Hang gliding is a sport enjoyed by millions around the world. Perhaps its allure is due to the fact that it offers a momentary escape from gravity and the cares of the world, and leads to an exploration that is merged with the experience of being at one with the elements of nature. In this article, we are going to look at a short history of this fascinating sport, its requirements, dangers involved, and the pertinent statistics.
Hang gliding was developed in the 1960′s, and was the brainchild of NASA prodigy and Australian engineer John Dickenson. His first mission was to build a kite based on the NASA space capsule recovery wing. He then added a triangular control bar, and the modern hang glider was born. This rudimentary design was further improved upon by individuals such as Bill Moyes and Richard Miller.
Over the years, this popular past time has developed into a passion for both the young and old, with the acceptable hang gliding age ranging from a legal 14 to an impossible 70. The requirements put in place for this sport include being physically fit, possessing a license, and the required equipment. There are a few basic tools that any hang glider worth his mettle should have. These are:
- A beginner’s hang glider
- A harness
- A set of instruments, known to pilots as various
- A helmet
- A car rack, where you will position your hang glider before setting out on one of your adventures.
There is a common misconception that exists which purports that hang gliders jump off cliffs, before sailing into the skies. The truth is, before hang gliders even get off the cliff, they are already airborne thanks to an in-depth understanding of air drafts and currents. They use cliffs that face oceans or large bodies of water due to the buoyancy offered by air currents running across these bodies of water. Also, one is more likely to find good air currents which are conducive for the sport on top of cliffs thanks to their high altitude. Hang gliders depend on an environmental phenomenon called lift, which simply put, are air currents that are present at any given area of land thanks to environmental processes.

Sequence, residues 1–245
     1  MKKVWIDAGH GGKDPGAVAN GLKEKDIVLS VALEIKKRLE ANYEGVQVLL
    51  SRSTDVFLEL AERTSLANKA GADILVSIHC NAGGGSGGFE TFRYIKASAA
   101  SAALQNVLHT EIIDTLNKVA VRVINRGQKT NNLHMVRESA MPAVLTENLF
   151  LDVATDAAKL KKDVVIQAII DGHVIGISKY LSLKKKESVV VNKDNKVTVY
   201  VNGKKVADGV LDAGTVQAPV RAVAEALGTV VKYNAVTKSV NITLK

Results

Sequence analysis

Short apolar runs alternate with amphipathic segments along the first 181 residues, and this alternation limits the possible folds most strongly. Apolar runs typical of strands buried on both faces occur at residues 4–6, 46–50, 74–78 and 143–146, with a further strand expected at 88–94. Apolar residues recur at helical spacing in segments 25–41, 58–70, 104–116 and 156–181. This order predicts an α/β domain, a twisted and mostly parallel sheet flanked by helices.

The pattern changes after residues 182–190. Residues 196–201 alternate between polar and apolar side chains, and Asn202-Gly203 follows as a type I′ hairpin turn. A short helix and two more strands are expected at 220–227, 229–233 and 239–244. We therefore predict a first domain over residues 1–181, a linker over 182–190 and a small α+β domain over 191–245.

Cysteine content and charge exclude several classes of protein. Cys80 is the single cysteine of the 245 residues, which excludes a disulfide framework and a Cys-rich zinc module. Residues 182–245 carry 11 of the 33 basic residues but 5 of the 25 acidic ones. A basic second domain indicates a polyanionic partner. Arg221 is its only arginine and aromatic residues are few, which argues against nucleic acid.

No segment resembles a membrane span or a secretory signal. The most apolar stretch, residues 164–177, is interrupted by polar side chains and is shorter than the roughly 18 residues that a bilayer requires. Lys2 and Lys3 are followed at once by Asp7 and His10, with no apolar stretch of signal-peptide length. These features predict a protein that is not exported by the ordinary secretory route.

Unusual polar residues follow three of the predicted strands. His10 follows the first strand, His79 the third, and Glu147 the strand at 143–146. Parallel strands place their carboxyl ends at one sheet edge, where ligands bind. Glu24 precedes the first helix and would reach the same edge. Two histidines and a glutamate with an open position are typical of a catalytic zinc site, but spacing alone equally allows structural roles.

It is important to understand that like with any sport, there are certain risks associated with hang gliding. This is considered a social sport, so care should be taken to ensure that one flies with other pilots. Most of the accidents that take place in hang gliding happen during takeoff and landing, and they are more often than not associated with equipment malfunction.
According to statistics, the odds of dying due to hang-gliding are 1 in 116,000 flights. This makes hang-gliding a much safer sport compared to, say, running or cycling. The average speed that one can hope to achieve while in the air is a decent 20 mph, which provides the thrill without turning it into an extreme sport.
At the end of the day, hang gliding is a sport that can be learnt in a couple of weeks, and is a perfect way of spending long summer days in the vast expanse of skies above us.